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Unparsable Values in Access

Posted on 2004-10-05
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Last Modified: 2008-03-17
I have four excel files that have the same columns in the same order and very similar data. The only difference between these four files that these four files came from four different regions of our company. Each file has approx. 150 columns and anywhere from 30000 to 55000 records.

I wanted to import these files into Access, as one combined table to make this data managable. The first two files imported easily, using the Access Import Wizard. Each file created an error log which contained some "type conversion" errors, but a too few records to worry about (less than .02%).

The other files were very problematic and would not import into Access. I attempted to clean up the data by making sure that each text field had 255 or fewer characters. This allowed me to import the tables; however the error log showed "Unparsable Records" and there was a significant number of errors - average of one error per record. I tried to determine if just a few fields were problematic, however the affected fields are all across the board.

I started to double check the records in Excel and the new Access table. Most of these records are one worded fields (ie Yes or John Smith). Nothing legthy or with unusual characters.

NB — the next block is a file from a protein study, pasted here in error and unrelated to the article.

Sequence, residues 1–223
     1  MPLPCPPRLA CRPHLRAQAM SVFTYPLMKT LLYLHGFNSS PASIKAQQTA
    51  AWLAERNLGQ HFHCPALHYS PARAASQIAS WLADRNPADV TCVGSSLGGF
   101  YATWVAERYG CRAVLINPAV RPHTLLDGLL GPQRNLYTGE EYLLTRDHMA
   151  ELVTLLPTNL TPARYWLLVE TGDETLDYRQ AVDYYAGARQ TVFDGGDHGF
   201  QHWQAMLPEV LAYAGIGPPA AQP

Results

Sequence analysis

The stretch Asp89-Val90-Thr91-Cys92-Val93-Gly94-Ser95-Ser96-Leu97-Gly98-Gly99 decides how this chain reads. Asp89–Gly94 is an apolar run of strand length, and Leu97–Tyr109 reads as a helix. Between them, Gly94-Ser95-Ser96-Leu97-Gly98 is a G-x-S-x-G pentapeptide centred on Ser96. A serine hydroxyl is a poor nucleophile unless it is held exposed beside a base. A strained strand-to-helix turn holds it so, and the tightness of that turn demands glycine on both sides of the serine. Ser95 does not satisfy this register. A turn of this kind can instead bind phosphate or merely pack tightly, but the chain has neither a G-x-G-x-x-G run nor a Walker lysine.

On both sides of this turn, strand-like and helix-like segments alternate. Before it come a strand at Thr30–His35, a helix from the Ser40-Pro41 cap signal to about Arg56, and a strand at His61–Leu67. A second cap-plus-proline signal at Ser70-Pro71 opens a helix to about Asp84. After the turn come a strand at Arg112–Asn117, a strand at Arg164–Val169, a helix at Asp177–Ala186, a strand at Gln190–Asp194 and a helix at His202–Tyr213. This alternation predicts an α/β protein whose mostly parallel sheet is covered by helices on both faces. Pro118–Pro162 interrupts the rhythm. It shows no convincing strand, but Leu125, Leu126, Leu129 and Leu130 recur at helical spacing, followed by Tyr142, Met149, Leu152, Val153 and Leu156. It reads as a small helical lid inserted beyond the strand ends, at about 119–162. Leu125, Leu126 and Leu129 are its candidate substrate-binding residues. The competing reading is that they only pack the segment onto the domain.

Any idea why I am getting these errors or how I can prevent them?

Thanks in advance for your help!

Monica
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Question by:monicasoi
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3 Comments
 
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shanesuebsahakarn earned 500 total points
ID: 12232626
Probably fields that Access cannot parse using its default type conversion algorithms (date fields are particularly problematic in this regard, as well as certain formats of text fields). I would recommend importing the data into a table where all the field are data type text first. Now run an append query from this "temporary" table into your real table and include your own type conversions functions where necessary.
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by:Alan Warren
ID: 12234280
You may have more success linking to the sheets using the linked table manager, then run your append sql as local.
Might work, but should possibly get a better error description.


Alan
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Expert Comment

by:stevbe
ID: 12236706
I hate how Access and Excel do/ not talk to each other. I like to save the Excel file as CSV and link to that in Access and then run an append query like Alan suggested or process it as a recordset to validate cross field values. Using code, allows for a great deal of flexibility, I have some that require the entire file is correct before importing and some where I load the good records into production and bad records into a "holding" table for correction which after changes can be use to validate and put into production.

Steve
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